top of page

Understanding Change Reaction with the Change Curve

Major changes are not normally undertaken by us unless we are challenged. We tend to like routine and what we know. We don’t like uncertainty. Usually, we all need a push though to make a change. We need a “call to adventure”. A reason to change. It takes effort. Effort we’d usually rather not spend on yet another change.

One thing is for sure though. Change is a part of life. And in the modern world, especially at work, change is constant. So much so many of us suffer from change fatigue. But change still relentlessly keeps coming.

Does this sound familiar? If not for you then for people around you? People you manage perhaps? Then this post is for you.

Change and leadership

In my consultancy work, I have the privilege of helping business leaders seeking to make change. I’m usually there to help that happen and to advise on building powerful brands, typically because the CEO knows things could be better. This means that deliberate change is on the cards. For some businesses, it’s a massive shift in mindset.

Usually, business leaders cannot make change happen alone. A whole leadership team needs to get on board and align. Then they need to take the change story out to their parts of the business and inspire the people under them to embrace it. To make change happen. This is no simple task.

To successfully help people through change you need a strategy to minimise lowering morale and losses. in productivity. It requires simplicity, design and a good cause all wrapped up in an easy to understand story which motivates and drives on an emotional level. It also needs engagement and people need to feel involved in the change as it happens.

But even if you have all of that people will respond to change in a predictable way. Understanding this can help change happen more effectively.

The Change Curve

One helpful framework I like to go through with leadership teams when talking to them about changes we want to make is the “Change Curve”.

The Change Curve is a model used to articulate the way people typically react and deal with change. It works at all levels - from our personal lives through to our work lives. From people sitting on the board to graduates just entering the workforce. The change curve helps us to anticipate how people will respond to changes we propose - and so we can use it to be prepared and help them grapple with the new future we want them to live into.

Before introducing a change it is important leadership teams consider each phase of the change curve and strategically consider ways they will help their people move through it. It should help us to be more empathetic.

Where does it come from

The change curve model has been adapted for business. It originally was put together by Elisabeth Kundera-Ross and published in 1968 in her book ‘Death and Dying’. This book shook up the academic psychology world and its understanding of grief after a patient was given the news that they were terminally ill or someone close to them has died. Since then, Kubler-Ross’s ideas have been expanded and adapted into business. As change is an inevitability, especially in business leadership, it makes sense to be aware of Kubler-Ross’s principles.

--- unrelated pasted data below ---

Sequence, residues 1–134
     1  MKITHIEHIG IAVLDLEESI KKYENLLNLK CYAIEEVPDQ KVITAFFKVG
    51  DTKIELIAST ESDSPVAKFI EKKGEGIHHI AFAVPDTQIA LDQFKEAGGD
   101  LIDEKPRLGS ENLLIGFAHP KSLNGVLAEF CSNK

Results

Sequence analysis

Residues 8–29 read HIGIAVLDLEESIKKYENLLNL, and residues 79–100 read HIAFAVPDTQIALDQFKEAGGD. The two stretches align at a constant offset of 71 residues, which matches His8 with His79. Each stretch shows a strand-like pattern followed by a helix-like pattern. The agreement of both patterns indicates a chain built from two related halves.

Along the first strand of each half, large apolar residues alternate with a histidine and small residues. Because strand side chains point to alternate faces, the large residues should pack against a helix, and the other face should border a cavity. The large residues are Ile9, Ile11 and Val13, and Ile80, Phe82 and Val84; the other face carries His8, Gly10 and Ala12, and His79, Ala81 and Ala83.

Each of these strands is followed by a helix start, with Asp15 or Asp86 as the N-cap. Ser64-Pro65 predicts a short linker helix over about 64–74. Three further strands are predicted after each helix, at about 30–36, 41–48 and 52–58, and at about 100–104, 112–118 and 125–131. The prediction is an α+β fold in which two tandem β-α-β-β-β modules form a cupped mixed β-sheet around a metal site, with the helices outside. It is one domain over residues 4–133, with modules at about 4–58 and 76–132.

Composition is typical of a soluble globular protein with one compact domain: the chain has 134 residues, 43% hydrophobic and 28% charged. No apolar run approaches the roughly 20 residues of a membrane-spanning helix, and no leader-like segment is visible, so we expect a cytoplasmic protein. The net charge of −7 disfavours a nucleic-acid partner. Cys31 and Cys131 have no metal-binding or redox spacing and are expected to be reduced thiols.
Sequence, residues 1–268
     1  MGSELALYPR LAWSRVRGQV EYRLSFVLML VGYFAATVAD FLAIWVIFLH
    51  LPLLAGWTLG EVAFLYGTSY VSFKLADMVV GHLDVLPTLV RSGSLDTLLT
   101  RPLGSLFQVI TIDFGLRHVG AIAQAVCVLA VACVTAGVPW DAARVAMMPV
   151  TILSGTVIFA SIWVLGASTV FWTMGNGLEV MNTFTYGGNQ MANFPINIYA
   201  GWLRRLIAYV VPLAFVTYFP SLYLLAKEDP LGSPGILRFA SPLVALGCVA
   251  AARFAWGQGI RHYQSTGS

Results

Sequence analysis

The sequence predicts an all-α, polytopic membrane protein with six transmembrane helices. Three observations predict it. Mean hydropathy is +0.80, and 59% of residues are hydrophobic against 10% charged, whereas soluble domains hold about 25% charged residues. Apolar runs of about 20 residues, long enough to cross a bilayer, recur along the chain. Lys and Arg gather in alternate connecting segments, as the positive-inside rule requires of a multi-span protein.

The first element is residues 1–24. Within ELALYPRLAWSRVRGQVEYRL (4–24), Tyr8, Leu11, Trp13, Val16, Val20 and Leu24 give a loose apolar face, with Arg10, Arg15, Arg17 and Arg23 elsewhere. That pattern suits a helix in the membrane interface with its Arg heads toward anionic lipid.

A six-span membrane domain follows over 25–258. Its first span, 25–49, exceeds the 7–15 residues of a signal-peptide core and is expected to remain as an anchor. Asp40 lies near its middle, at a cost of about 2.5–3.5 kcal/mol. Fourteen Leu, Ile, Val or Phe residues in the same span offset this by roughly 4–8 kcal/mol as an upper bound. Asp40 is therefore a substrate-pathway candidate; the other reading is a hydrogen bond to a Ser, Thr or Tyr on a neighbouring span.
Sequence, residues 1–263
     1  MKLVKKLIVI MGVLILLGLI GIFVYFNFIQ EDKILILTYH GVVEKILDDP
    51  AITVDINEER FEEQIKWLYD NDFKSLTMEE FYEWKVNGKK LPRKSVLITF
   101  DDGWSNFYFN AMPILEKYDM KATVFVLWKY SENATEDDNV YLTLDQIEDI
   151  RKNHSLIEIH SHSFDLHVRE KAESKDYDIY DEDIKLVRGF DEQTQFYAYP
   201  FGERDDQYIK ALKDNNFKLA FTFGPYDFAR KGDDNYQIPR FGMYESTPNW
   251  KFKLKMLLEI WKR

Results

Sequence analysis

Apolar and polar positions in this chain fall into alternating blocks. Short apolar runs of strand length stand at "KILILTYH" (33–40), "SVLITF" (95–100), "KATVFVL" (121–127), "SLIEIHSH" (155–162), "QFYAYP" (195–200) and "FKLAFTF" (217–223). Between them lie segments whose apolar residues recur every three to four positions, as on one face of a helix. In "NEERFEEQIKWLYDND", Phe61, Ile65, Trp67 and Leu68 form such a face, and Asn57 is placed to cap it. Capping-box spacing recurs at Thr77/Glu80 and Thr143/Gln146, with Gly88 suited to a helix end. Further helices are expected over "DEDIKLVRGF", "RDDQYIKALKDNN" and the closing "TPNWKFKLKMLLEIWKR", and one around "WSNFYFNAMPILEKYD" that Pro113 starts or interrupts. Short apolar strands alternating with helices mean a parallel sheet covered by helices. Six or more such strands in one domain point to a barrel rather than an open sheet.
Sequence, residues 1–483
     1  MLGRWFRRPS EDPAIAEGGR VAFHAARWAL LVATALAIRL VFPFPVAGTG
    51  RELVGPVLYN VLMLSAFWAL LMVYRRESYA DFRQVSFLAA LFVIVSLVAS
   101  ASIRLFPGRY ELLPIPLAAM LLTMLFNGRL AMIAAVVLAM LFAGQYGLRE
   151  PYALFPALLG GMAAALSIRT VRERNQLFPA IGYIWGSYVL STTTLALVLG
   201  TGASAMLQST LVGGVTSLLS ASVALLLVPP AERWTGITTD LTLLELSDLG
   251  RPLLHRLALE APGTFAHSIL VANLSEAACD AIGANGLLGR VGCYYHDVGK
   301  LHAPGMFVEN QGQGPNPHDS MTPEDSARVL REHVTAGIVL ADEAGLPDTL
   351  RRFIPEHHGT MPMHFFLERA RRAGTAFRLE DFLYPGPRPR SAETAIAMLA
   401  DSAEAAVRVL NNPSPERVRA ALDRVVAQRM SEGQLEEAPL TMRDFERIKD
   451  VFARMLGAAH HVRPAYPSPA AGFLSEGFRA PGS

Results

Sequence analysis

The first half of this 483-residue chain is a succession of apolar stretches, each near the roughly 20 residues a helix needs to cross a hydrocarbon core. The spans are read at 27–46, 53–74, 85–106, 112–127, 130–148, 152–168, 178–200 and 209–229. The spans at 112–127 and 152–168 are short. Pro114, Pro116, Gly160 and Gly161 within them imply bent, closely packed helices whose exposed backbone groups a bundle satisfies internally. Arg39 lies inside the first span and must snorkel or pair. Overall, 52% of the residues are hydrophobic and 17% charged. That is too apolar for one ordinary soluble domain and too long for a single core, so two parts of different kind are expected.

The 7 Stages of the Change Curve

There are seven key stages of the change curve. These stages are typical phases a person goes through when navigating change. The stages and corresponding example thinking of someone going through them are:

1. Shock

“I can’t believe that things are that bad right now?!”

The person is surprised or shocked at the potential change in circumstances.

2. Denial

“This is not really going to happen and there’s no need for it”

The person is in disbelief and actively seeking evidence that change is not necessary.

3. Frustration

“Why are we wasting time and money on all this fluff!”

The person is struggling to come to terms with new information and the reality that things are going to be different.

4. Depression

“This really is happening and I’m feeling overwhelmed by the uncertainty”

The person feels overwhelms by the change and can’t quite understand how they fit into it.

5. Exploration

“I might as well try a few of these ideas and at least see what I think”

The person begins to experiment and engages with the new situation. They become curious about the possibilities.

6. Decision

“Now I see it working things aren’t so bad”

The person accepts the change. Their mind is made up to learn how best to work with the new reality.

7. Integration

“Actually this is actually better than when we did things before”

Change is now completely accepted and part of everyday life.

Using the change curve in Brand Strategy

So if you are looking to launch a new brand and culture initiative that is big and bold and you need to get your leadership team and people on board, consider these seven stages. How are you going to help people navigate through these stages? What evidence, support and tools can you give them to help them do this?

For each step think of a time when you faces this feeling in your past. Draw on “mini-stories” of how you overcame that feeling and moved on to success. Couple this with practical tools and methods that you will build before your launch the change into your business so that your people are supported.

However you decide to use the change curve, I wish you all the best of luck in changing the world. In building the meaningful businesses and brands of the future.


bottom of page